There's something to be said about those who don't tolerate bullying — especially when it comes to bullying/discrimination in the workplace. Take 16-year-old Tyler Brandt, for example: after his manager at Taco John's made him wear a name tag labeled "GAYTARD," he decided to fight back with his petition, "Taco John's Called Me a Gaytard." The best part: not only is Brandt is being represented by the American Civil Liberties Union (ACLU), but he has filed an EEOC case against the chain.
According to a post Brandt — who has been out to his friends and family since the fifth grade — wrote for ACLU's Blog of Rights, he started working at a Yankton, South Dakota Taco John's in June. Not long after getting the job, one of his managers started bullying him, called him names and using homophobic slurs. One night, he called Brandt into his office and told him to wear name tag that read "GAYTARD" with hearts on either side of the word. Brant recalls the event in a video for the ACLU:
"Throughout the night whenever a customer came in I would stand behind the counter where they couldn't read the name tag, but even still my manager was yelling at me calling me a "gaytard" in front of my coworker and the customers that came in."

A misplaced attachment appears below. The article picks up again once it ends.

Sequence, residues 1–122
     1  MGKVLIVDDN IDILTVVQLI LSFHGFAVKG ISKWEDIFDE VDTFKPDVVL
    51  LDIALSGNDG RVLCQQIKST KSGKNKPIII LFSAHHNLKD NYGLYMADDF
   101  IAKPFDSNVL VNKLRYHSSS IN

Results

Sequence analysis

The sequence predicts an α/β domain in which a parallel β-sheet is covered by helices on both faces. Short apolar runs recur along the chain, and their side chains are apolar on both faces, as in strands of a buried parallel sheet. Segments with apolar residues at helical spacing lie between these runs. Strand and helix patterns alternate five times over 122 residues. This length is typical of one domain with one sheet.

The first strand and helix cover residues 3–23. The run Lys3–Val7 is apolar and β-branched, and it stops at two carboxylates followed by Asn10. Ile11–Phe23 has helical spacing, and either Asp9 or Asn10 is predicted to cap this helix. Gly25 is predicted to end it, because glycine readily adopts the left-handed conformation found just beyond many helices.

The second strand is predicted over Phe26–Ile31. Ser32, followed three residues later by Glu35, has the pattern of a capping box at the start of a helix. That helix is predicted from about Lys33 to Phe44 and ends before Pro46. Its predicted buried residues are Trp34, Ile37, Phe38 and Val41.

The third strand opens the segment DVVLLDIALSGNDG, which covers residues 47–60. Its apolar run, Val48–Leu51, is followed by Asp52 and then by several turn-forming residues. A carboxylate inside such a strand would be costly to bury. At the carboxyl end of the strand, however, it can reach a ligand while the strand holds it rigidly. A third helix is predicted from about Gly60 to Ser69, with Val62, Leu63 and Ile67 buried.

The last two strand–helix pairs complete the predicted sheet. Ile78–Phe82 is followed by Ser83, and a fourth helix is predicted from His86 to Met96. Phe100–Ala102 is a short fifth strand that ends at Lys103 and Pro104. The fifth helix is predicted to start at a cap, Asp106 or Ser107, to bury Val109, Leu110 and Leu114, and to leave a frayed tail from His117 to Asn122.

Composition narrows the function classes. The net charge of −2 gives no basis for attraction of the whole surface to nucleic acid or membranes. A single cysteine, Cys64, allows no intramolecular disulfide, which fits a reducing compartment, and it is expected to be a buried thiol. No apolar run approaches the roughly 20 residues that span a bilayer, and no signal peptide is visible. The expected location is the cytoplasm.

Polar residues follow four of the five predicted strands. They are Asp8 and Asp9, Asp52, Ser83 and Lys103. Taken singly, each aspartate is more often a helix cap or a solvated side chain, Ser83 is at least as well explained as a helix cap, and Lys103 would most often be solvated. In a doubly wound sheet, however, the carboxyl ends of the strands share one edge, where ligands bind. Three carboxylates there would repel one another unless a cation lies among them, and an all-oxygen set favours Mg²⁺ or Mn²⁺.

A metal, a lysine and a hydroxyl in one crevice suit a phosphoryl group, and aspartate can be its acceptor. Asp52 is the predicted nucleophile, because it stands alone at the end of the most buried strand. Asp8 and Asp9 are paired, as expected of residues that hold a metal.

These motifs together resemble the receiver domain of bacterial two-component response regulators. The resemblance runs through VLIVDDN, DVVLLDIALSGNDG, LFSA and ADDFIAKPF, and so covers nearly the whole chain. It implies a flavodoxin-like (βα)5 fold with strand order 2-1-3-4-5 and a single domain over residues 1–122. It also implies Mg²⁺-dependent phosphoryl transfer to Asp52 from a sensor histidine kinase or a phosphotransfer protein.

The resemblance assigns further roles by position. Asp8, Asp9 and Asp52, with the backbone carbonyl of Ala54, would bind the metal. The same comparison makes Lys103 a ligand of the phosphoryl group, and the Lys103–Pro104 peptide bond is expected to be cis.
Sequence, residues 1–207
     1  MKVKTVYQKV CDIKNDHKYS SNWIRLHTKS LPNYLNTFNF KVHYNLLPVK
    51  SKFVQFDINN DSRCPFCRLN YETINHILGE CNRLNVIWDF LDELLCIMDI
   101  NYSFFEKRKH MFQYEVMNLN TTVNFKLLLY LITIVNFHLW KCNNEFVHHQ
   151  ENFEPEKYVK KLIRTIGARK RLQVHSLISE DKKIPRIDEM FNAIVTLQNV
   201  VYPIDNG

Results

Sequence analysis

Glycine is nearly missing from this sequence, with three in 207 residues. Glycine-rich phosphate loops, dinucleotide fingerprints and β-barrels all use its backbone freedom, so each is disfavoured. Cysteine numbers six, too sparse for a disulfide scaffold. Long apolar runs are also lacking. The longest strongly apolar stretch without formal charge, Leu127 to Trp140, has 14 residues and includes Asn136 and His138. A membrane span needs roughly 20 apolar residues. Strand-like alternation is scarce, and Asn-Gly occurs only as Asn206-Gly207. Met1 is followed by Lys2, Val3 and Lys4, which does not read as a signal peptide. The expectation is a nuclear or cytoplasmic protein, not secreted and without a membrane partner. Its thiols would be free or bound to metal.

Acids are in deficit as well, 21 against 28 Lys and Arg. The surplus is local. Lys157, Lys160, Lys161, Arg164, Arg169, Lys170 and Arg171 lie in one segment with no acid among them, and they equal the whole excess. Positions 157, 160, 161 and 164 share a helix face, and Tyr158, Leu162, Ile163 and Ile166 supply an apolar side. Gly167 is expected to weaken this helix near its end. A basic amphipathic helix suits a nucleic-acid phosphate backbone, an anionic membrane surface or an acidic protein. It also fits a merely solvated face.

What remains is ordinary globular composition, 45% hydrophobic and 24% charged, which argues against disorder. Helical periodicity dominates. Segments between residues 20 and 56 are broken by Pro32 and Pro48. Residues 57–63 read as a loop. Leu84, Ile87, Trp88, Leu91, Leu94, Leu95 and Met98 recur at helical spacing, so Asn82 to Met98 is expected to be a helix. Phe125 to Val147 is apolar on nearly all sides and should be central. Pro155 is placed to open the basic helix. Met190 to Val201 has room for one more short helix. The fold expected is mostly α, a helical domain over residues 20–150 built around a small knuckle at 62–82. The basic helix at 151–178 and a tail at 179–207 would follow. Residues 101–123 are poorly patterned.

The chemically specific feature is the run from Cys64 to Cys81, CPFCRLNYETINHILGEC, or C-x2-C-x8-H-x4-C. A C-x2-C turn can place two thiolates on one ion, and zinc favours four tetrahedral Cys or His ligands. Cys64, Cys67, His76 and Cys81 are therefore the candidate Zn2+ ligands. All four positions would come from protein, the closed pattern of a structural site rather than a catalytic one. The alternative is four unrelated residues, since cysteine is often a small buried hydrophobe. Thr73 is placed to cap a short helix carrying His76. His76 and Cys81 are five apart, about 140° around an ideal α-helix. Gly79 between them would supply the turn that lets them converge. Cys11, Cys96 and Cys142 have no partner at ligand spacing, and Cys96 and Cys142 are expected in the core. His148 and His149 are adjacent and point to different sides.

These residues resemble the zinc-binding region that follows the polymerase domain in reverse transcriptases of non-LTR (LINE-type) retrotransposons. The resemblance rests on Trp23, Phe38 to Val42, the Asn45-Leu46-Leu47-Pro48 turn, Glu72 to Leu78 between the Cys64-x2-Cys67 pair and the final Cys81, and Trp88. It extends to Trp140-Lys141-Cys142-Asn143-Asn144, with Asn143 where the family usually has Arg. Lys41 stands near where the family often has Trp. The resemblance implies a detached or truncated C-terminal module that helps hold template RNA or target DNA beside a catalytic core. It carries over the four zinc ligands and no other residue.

Brandt decided to quit the following day.
From there, the ACLU helped Brandt file charges of discrimination against with the U.S. Equal Employment Opportunity Commission. He also started a petition requesting that Taco John's apologize and "publicly speak out against discrimination and bullying in the workplace." So far, it's been signed by over 17,000 people.
But there's more! People across the globe are joining Brandt by submitting photos of themselves wearing offensive name tags/labels, along with their own stories of bullying and discrimination. Take a look a look at a few supporters, whose photos and responses have been posted on Brandt's website:
Tyler, I put up with vicious verbal and sometimes physical abuse until I eventually dropped out of high school. I applaud you for standing up to your bullies. You are clearly a strong person with a lot of character so please persevere with pride. - Terry
As a Muslim daughter of immigrants who grew up in the South, I have experienced discrimination both directed at myself and at members of my family. I have been called a terrorist at various points in my life—most recently, oddly enough, the trend seems to be that people call me a terrorist “jokingly.” These racialized and dehumanizing insults are never okay, no matter what the context, tone, or relationship. Tyler, thank you for standing up and bringing attention to this issue. - Samia
"I moved to the US when I was a teen - and high school was hard because of the names I was called. It’s not right, not in the classrooms, not at work. - Sabelo, Brooklyn"
To sign Tyler Brandt's petition, visit the ACLU's website.